Physical layer interactions between LMR transmitters and LMR receivers are well understood. Conformity assessment criteria are documented in standards TIA-603-C, TIA-102.CAAA-B, and TIA-102.CAAB-B. Methods to model interactions between various types of narrowband emissions and different LMR receiver types are described in depth in TSB-88.1-C. LMR-to-LMR interactions can provide a model for assessing DUT-to-LMR interactions.

The simplest interaction is a co-channel transmission. The corresponding standard LMR test procedure is the co-channel rejection test. This test measures the performance of a receiver when unwanted signals are present on the operating frequency and are thus passed without attenuation through the receiver’s intermediate frequency (IF) stage filter. In the LMR-to-LMR case, the test is performed with a steady state unwanted signal, which yields a carrier to interference (C/I) ratio on the order of 8-9 dB. DUT-to-LMR co-channel interference is similar, except that meaningful measures of C/I must consider the power spectral density of the DUT emission within the equivalent noise bandwidth (ENBW) of the LMR receiver. In addition, a DUT waveform’s lower duty cycle should have less of an impact on an LMR receiver.

An adjacent channel DUT-to-LMR interaction may also occur. The standard LMR test for this is the adjacent-channel rejection measurement. When an LMR receiver is in the proximity of an adjacent-channel transmitter, some of the modulated signal passes through the receiver’s IF filter. Adjacent-channel interference is more difficult to examine in the context of a DUT transmitter in a field environment. Since DUTs are not constrained to operate on a fixed channel, the same test trial may contain co-channel, adjacent-channel and possibly other interactions. The test conditions cannot be controlled to the degree necessary to separate and quantify each interaction.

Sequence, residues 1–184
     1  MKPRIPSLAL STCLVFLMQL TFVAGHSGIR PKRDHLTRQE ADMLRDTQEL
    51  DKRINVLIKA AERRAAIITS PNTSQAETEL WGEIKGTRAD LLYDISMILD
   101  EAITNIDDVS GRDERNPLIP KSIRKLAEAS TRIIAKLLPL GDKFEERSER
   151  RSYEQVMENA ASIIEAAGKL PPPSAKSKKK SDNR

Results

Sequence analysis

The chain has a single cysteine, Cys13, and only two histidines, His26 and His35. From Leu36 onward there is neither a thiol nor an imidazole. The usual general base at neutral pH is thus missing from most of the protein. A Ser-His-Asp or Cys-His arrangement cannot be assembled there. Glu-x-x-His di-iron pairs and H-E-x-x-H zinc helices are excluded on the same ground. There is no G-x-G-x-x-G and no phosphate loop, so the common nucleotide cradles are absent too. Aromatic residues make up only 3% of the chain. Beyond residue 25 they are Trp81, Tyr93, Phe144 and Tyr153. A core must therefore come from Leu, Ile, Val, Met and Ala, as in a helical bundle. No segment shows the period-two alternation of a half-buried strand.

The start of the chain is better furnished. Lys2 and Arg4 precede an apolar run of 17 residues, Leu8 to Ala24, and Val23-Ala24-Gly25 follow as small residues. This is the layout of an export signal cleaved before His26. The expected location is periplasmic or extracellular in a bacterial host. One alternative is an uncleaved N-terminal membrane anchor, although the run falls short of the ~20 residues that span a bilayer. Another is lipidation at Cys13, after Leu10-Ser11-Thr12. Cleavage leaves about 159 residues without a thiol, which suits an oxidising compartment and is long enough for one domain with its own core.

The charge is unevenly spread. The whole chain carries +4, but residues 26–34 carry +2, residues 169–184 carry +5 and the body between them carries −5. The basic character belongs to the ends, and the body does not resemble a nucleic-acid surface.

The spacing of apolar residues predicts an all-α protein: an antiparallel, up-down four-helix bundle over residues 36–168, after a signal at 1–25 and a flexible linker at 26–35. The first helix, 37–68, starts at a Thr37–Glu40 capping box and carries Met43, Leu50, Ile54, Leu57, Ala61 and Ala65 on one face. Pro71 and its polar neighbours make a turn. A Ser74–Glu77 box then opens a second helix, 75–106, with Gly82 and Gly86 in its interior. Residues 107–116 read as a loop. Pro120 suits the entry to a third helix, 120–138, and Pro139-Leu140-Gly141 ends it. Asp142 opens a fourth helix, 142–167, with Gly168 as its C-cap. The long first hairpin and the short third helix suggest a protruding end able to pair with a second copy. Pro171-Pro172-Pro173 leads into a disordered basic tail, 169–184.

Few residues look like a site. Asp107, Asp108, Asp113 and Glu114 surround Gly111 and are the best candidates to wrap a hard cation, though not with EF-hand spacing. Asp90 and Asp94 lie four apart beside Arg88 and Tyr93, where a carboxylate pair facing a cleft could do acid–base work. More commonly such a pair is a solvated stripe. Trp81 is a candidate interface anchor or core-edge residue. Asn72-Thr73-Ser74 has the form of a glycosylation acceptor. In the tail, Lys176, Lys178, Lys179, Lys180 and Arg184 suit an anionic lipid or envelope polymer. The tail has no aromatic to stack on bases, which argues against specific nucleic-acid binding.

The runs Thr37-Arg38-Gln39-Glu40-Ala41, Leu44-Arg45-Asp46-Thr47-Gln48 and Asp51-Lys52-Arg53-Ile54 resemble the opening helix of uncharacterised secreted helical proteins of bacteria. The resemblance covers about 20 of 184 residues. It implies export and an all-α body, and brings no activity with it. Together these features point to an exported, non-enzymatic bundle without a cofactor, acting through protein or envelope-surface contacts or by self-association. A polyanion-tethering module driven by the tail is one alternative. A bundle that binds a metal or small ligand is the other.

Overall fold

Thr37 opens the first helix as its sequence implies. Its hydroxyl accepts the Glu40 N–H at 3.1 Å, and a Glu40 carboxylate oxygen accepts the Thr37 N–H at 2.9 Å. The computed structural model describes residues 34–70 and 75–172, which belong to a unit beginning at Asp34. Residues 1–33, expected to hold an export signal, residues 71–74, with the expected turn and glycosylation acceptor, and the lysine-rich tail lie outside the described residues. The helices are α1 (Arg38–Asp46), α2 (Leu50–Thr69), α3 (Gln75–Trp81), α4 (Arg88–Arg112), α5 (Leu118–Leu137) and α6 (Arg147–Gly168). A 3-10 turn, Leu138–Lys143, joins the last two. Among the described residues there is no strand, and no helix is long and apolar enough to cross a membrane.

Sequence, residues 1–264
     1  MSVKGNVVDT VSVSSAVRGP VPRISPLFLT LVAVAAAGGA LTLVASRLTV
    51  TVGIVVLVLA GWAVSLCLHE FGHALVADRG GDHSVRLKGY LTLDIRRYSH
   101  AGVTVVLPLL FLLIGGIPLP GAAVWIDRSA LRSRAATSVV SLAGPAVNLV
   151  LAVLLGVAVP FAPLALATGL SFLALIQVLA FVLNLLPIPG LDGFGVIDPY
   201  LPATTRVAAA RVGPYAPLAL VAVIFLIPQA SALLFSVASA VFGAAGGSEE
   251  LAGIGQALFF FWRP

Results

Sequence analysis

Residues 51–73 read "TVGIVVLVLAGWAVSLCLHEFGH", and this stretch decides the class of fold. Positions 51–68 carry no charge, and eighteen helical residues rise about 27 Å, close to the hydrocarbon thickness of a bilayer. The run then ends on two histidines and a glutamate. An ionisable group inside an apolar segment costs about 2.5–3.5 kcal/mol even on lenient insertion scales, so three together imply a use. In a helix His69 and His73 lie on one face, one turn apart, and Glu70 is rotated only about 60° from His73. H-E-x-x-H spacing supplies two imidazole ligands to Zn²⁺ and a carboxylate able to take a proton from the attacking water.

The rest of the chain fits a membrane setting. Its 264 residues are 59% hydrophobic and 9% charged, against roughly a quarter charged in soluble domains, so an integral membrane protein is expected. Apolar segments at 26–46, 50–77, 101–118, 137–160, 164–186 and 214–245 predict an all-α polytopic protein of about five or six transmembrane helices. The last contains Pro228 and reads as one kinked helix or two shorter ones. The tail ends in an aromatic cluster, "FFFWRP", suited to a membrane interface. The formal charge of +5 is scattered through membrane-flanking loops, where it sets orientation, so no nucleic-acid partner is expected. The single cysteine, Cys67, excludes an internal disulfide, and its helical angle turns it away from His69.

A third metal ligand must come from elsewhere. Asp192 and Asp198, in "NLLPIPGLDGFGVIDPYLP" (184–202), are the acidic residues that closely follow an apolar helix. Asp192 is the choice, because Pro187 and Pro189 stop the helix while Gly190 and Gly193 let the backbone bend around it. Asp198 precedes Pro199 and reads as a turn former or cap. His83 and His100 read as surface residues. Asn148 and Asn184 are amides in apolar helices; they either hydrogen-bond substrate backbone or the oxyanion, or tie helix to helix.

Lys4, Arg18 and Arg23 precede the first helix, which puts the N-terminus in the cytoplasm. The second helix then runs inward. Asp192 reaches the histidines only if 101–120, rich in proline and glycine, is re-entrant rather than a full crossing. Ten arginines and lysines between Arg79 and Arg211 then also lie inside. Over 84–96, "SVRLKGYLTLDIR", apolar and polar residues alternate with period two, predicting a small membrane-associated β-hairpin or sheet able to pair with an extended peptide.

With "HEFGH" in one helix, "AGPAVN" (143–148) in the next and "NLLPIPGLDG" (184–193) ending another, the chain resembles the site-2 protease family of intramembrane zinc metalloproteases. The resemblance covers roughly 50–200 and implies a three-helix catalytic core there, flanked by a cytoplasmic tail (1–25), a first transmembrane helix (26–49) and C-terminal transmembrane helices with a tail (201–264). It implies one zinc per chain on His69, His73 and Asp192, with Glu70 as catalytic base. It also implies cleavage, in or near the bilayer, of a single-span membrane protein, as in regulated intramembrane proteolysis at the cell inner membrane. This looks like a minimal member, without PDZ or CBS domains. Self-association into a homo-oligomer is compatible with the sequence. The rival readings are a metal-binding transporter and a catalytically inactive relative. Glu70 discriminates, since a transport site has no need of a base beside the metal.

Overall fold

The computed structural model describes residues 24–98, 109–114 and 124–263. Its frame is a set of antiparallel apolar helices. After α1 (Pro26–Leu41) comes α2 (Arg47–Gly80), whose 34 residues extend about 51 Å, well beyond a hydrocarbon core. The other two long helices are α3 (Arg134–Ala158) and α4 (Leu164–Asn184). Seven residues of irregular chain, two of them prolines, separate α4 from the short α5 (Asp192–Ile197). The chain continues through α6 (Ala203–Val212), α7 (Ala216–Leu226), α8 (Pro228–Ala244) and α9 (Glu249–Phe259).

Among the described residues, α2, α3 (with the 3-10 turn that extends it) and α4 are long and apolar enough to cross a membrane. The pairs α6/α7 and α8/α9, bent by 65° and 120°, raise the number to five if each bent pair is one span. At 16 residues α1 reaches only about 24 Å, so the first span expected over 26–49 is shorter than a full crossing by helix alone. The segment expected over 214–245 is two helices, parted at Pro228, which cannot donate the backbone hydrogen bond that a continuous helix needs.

Another interference mechanism is out of band emissions (OOBE). LMRs have very low OOBE, so there is no standard test for the interaction of out of band LMR emissions with LMR receivers. Some DUT transmitters are broadband and may have significant out of band emissions. Phase I testing suggests that the impact of OOBE on an LMR can be determined analytically by calculating the amount of energy that passes through the ENBW of the LMR IF stage filter at a given frequency offset from the center of the DUT channel.

Finally, LMR receiver desensitization is possible in the presence of strong DUT transmissions. Practically speaking, in a field test it will be impossible to distinguish the effects of DUT OOBE from LMR receiver desensitization due to the DUT carrier itself. Even so, incidences of DUT impairment to LMR receivers will be fully investigated.

1.6 DUT Operating Channel Restrictions

The DUTs participating in the test-bed employ unique methods of opportunistically selecting and, in some cases, aggregating narrowband segments of spectrum. Different types of carrier aggregation are supported. One approach is to aggregate adjoining subcarriers to form a single broadband carrier. Another approach is to notch out selected subcarriers from what is otherwise a contiguous broadband transmission. Finally, some systems aggregate disconnected narrowband carriers into a coordinated set of transmissions. The subcarriers do not necessarily align with the LMR channelization scheme or match the LMR channel bandwidths. DUT transmissions may consist of one or more subcarriers that span all or part of the 410-420 MHz test-bed band. For each DUT there is a minimum set of subcarriers that is required for the device to function normally, which was defined in Phase I as the minimum DUT operating channel. From the LMR channelization perspective the minimum DUT operating channel intersects a corresponding set of LMR channels. The DUT may use one or more sets of LMR channels to span the 410-420 MHz band.

During Phase III testing, NTIA will restrict the DUTs to operate on one or two sets of LMR channels. LMR systems that are actively involved in the test-bed will be aggregated in one set of channels. A second set of channels available for DUT operation may contain non-participating LMR systems. All other LMR channels in the band will be Locked-Out LMR Channels that the DUTs cannot use. The purpose of this restriction is to constrain DUT operation to a reduced number of LMR channels to improve spectrum monitoring of measurement events.